It has been said that the definitive image of a Christian is that of a person on trial–of a man or a woman who takes Christ seriously enough to be left on the fringe of society. This is not the result of persecution complex or a cult of suffering, but rather, the response to a call to be a divine conduit in the world. Such radical ‘imitatio Christi’ does not happen by chance, but by grace and a prepared heart. Here, Delp uses the wilderness motif to prepare himself for his trial just as Christ did.
Epiphany 1945: the Law of the Wilderness
[Tegel Prison, Berlin, Epiphany 1945]
Those for whom the hour of freedom struck in the stable of Bethlehem had faced and overcome the wilderness, both the external wilderness of isolation, forsaken homeland, lost relationships and friendships of a momentous and strenuous pilgrimage, and the inner wilderness of uncertainty, doubt, fear, and anxiety. It had been a long and a weary journey and their faces still bore the marks of the hours of strain even in the glow of the blissful encounter. The wilderness has its proper place in the drama. Human freedom is the fruit of liberation, of the persistent and tireless scaling of the enemy fortification.
When children kneel before the crib lisping adoro and suscipe their prayer is valid—but more is expected of an adult. He must master the real meaning of the words and gestures or go back and learn his lessons over again. Human freedom is the result of a tough and painful liberation; healing and happiness are not imposed on mankind and life is not a lottery with colossal prizes.
The wilderness is part of it all, the wilderness of the soul as well as the body. One could write a whole history about wildernesses. All really great men have had to fight against loneliness and isolation and the great fundamental questions that occur to a man in such circumstances. The fact that our Lord retired into the wilderness shows how genuinely he took to heart the laws and problems of humanity. And then, after the trial of the wilderness had been withstood there will be the temptations to be met. Great issues affecting mankind always have to be decided in the wilderness, in uninterrupted isolation and unbroken silence. They hold a meaning and a blessing these great silent, empty spaces that bring a man face to face with reality.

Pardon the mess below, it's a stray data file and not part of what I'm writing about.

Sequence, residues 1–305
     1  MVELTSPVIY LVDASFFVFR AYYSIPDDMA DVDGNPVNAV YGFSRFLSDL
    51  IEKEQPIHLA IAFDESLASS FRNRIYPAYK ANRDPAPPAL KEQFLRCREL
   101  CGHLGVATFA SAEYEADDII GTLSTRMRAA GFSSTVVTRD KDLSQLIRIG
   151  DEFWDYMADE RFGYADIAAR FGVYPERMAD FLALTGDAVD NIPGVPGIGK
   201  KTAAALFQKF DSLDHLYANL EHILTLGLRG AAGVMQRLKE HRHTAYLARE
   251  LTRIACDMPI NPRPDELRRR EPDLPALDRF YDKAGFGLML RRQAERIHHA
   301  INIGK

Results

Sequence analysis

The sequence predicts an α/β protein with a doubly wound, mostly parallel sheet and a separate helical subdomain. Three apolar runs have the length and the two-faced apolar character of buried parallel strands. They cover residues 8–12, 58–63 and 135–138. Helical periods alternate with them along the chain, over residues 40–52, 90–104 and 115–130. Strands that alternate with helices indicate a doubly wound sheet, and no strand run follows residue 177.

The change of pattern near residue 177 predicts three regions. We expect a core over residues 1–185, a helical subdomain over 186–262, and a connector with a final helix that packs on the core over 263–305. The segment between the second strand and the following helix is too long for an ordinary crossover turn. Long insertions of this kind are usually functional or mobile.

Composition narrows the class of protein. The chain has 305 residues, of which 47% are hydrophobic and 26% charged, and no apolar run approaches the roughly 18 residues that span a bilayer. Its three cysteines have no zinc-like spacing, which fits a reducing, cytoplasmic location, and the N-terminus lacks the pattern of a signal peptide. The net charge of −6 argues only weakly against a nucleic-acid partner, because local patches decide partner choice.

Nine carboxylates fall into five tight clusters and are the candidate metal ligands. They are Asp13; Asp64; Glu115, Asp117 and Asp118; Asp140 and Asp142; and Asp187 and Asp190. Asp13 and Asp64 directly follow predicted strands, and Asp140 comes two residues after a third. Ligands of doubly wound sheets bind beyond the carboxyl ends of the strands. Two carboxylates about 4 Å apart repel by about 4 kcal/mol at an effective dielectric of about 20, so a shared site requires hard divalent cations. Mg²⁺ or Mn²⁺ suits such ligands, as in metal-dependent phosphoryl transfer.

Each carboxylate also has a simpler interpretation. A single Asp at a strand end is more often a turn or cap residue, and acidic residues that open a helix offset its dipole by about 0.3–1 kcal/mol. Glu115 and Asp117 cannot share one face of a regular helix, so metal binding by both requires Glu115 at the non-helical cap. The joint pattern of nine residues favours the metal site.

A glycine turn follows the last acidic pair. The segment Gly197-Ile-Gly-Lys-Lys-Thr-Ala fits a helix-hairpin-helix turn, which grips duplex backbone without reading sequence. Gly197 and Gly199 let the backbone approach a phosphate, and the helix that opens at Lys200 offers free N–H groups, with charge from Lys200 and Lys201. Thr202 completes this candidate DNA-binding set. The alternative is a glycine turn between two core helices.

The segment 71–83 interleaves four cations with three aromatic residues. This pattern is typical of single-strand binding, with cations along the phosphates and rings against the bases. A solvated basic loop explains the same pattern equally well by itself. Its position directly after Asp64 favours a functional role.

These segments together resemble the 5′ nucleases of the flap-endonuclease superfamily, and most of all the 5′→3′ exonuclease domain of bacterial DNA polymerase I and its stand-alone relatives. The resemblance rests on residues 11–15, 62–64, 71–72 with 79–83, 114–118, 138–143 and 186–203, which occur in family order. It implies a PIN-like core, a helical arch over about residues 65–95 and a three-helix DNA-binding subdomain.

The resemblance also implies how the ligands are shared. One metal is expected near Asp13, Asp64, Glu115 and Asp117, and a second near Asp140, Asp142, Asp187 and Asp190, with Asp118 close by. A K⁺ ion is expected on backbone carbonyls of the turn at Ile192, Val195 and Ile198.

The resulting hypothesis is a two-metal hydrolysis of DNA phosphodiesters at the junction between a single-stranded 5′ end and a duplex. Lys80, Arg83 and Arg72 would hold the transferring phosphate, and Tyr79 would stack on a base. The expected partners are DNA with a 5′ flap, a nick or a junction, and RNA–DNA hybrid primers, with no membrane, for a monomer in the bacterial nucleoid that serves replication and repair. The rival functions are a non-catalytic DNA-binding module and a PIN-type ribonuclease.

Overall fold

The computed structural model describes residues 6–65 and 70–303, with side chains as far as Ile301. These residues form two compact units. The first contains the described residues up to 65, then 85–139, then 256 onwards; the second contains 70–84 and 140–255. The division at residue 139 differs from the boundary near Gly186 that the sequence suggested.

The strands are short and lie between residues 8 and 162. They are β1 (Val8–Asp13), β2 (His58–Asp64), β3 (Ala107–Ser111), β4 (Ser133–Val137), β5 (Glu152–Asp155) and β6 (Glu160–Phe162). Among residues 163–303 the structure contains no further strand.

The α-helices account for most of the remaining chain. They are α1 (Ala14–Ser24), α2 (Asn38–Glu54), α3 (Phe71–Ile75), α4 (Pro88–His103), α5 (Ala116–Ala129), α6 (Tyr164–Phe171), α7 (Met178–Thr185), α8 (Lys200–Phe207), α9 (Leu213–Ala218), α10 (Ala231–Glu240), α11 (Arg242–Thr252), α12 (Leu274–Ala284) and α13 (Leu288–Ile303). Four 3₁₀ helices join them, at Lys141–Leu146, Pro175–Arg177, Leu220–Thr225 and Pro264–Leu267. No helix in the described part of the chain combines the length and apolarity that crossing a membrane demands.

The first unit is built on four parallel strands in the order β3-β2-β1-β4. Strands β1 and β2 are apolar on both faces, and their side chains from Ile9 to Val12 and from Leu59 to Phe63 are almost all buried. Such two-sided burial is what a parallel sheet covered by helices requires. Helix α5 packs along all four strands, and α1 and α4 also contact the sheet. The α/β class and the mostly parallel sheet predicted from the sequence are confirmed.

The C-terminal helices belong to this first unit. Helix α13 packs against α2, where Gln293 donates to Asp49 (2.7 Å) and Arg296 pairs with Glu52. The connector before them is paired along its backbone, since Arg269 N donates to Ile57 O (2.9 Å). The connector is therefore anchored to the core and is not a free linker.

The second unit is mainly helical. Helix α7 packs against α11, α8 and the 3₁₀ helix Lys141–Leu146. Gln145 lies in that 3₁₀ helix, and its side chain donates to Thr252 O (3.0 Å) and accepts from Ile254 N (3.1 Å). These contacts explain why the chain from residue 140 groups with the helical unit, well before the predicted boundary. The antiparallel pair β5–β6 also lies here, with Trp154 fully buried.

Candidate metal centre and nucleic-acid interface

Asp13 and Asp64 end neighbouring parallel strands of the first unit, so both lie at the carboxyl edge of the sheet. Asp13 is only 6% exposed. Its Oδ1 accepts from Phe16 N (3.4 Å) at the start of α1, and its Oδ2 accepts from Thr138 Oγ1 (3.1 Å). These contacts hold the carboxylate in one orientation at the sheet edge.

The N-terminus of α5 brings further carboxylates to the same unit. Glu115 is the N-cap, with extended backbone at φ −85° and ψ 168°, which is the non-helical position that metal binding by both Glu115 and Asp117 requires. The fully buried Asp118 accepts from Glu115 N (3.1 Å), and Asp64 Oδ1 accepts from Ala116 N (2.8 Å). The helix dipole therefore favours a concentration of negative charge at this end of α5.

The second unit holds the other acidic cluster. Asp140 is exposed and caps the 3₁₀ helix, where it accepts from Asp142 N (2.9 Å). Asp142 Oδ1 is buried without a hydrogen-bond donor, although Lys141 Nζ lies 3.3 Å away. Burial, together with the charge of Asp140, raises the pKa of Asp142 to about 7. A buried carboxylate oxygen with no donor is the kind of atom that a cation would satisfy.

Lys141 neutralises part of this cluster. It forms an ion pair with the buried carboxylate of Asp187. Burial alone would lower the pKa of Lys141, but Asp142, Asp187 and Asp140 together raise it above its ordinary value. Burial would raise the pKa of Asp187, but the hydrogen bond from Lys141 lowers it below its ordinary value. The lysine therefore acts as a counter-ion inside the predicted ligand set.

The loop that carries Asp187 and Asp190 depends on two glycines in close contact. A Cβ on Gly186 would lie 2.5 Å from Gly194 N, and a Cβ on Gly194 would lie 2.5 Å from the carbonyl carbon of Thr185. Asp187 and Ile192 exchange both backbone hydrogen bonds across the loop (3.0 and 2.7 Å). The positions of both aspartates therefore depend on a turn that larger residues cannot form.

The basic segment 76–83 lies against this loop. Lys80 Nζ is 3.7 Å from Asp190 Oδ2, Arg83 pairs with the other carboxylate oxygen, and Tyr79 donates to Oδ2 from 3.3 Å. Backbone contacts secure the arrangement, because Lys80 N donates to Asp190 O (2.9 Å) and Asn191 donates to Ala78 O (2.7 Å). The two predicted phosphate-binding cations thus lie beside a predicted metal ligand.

There are no more profitable places in history than wildernesses—vast areas—the sea, high mountains, trackless forests, plain and pampas and steppe, barren land as well as fruitful, all exercise their own peculiar influence, not only on the physical being but even more on the dispositions and characters of the human beings affected by them. They all leave their mark on history. And of all wildernesses the streets of the great cities—deserts of stone—are unique in that again and again they have ended up as the graveyard of history. The wilderness concerns all humanity, all its actions and decisions, in a very special way.
Any life that cannot measure up to the wilderness, or seeks to evade it, is not worth much. There must be periods of withdrawal alternating with periods of activity and companionship or the horizons will shrink and life loses its savor…
And the world too will be in a bad way if ever it happens that there are no more wilderness, no more silent unspoiled places to which a man can retire and think, if every corner of the earth is filled with noise and underground tunnels and soaring airplanes and communication networks, if cables and sewers scar the surface and undermine the crust. Mankind needs to keep a few quiet corners for those who seek a respite and feel the urge to retreat for a while from over-civilization to creative silence.
For those who occasionally feel the hermit instinct there should at least be a chance to try it out. The law of absolute utility, of total functionalism, is not a law of life. There is an extraordinary close connection between the wilderness and fruitful, satisfying life. Where all the secluded places ring with tumult, where the silent muses have been degraded to pack horses and all the sources of inspiration forced into the service of official mills grinding out propaganda, the wilderness has indeed been conquered—but at what price. Even greater devastation has taken its place.
The wilderness has a necessary function in life. “Abandonment” one of my friends called it and the word is very apt. Abandonment to wind and weather and day and night and all the intervening hours. And abandonment to the silence of God, the greatest abandonment of all. The virtues that thrives most on it—patience—is the most necessary of all virtues that spring from the heart—and the Spirit…
The wilderness represents the law of endurance, the firmness that makes a man. It is the quiet corner reserved for tears, prayers for help, humiliation, terror. But it is a part of life and to try to avoid it only postpones the trial.